4 Traditional Hockey Cities That Don't Have an NHL Team but Should
Unfortunately for many hockey fans across North America, there are several traditional hockey cities that are without an NHL franchise to cheer for.
Many of these cities should have an NHL team, but for various reasons, they have been passed over when teams have been relocated or introduced through expansion.
Let's look at four traditional hockey cities that don't have an NHL team but should.
Quebec City, Quebec
As I have noted in the past, the construction of a modern stadium and a passionate fan base make Quebec a fantastic option for the league.
When you see Nordiques fans invade regular-season games each year wearing their vintage jerseys and having their wishes for another NHL team known, it's easy to understand the desire for NHL hockey that the people of Quebec have.
Another advantage that Quebec City has is the lack of another professional sports team in the city that an NHL franchise would have to compete with . There is no CFL, NBA, MLB or MLS franchise in Quebec City to compete with an NHL team.
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There have been several attempts to bring NHL hockey to Hamilton over the last decade, but each attempt has failed.
Wealthy businessman Jim Balsillie has tried to bring existing NHL franchises to Hamilton, but hasn't had too much success.
Copps Coliseum, which can hold over 17,000 people for hockey games, would need some expensive renovations to house an NHL team, but having an arena already built is a positive for Hamilton.
The Hamilton market, which includes a lot of highly populated areas in Southern Ontario, would be a perfect place for an NHL team. From a financial standpoint, Hamilton should be able to support a team.
There's no question that Saskatoon is a city with many hockey fans who would support an NHL franchise, but there are some stumbling blocks that could prevent the city from actually landing an NHL team.
The Credit Union Centre is a nice arena that is great for hockey, but it only holds a bit over 15,000 people. That's not going to help an NHL team generate enough revenue to become financially successful for a long time. However, since Saskatoon already has an arena, it may be a better option than Quebec City in the immediate future.
From a geographical standpoint, Saskatoon is in the middle of Winnipeg, Calgary and Edmonton. So there is the potential for some heated rivalries between the Oilers, Jets, and Flames if Saskatchewan's largest city lands an NHL franchise.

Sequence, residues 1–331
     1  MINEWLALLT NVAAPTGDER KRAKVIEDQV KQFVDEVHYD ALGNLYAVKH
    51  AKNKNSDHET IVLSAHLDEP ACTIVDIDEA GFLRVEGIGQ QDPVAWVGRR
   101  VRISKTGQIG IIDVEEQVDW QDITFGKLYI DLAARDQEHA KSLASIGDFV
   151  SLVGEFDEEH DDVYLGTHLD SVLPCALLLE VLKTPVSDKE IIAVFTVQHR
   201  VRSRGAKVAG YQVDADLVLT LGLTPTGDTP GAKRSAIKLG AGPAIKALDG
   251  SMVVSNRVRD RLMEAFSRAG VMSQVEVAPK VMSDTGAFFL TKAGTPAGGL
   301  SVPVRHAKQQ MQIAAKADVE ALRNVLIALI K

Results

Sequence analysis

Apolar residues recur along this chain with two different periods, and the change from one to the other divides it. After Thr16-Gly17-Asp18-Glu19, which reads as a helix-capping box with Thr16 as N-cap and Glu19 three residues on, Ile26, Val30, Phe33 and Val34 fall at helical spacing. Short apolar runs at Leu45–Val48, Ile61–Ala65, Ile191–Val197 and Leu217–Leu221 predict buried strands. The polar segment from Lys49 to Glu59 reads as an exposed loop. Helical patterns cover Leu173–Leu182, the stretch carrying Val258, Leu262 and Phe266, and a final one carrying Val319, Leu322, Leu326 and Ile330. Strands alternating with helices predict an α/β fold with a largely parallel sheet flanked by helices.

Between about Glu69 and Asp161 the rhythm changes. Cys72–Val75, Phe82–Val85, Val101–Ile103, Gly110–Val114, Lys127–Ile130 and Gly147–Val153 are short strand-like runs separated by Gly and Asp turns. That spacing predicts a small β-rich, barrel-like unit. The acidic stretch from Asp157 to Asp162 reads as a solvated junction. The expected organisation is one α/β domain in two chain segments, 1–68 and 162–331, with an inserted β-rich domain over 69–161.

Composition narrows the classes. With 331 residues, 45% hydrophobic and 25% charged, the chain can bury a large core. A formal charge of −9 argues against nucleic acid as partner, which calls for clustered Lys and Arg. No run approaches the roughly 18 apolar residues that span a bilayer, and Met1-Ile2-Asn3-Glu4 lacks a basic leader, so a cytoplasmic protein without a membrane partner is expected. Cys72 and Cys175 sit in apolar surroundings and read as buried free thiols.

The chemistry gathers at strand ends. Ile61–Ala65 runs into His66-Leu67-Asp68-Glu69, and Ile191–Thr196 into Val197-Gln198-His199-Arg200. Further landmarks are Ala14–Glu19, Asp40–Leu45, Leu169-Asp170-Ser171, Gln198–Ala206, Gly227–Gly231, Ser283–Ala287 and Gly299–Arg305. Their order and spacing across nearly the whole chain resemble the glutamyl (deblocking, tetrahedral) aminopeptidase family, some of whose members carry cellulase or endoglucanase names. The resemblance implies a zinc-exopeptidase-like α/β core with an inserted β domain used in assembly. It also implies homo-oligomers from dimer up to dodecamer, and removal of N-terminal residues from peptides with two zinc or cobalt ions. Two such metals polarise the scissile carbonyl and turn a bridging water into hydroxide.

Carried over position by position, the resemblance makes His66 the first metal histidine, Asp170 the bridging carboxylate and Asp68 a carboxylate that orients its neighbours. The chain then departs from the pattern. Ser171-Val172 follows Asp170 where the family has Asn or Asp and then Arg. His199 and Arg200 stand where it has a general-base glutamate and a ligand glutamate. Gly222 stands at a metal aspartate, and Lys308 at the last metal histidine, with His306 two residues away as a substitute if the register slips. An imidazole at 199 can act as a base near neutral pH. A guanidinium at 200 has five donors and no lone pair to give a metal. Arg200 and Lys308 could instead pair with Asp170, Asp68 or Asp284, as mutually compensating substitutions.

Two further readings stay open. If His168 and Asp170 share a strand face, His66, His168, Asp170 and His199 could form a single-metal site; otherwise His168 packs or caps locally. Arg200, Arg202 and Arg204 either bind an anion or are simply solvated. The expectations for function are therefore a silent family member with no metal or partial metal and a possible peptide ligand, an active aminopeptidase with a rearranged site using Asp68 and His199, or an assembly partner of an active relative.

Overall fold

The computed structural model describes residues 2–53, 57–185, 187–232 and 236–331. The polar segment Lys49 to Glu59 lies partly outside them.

However, will star players want to play in one of the league's smallest markets when they would have much better marketing opportunities in other Canadian and American cities?
The province also does not have a large population, so while the passion for hockey is definitely there, will a team be able fill the seats every game? There are other cities that should get a franchise first, but Saskatoon deserves to get a team at some point in the future.
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London is one of the best locations for an NHL franchise in Southern Ontario. It's farther away from Toronto and Buffalo than other great hockey cities such as Kitchener and Brampton, which is important because the Maple Leafs and Sabres want to own as much of the Southern Ontario market as possible.
The city's OHL team, the London Knights, have been very successful recently and have been well supported by their fans. The Knights led all OHL teams in average attendance during the 2011-12 season.
The one problem for London is the lack of an arena that's big enough to support an NHL team. The Knights play in the John Labatt Centre, which can hold about 9,000 people. That's not close to being large enough for NHL games.
There's no question that London and the surrounding area is full of hockey fans who would help another team in Ontario succeed financially, but the lack of an NHL arena and the city's proximity to Toronto are two major problems.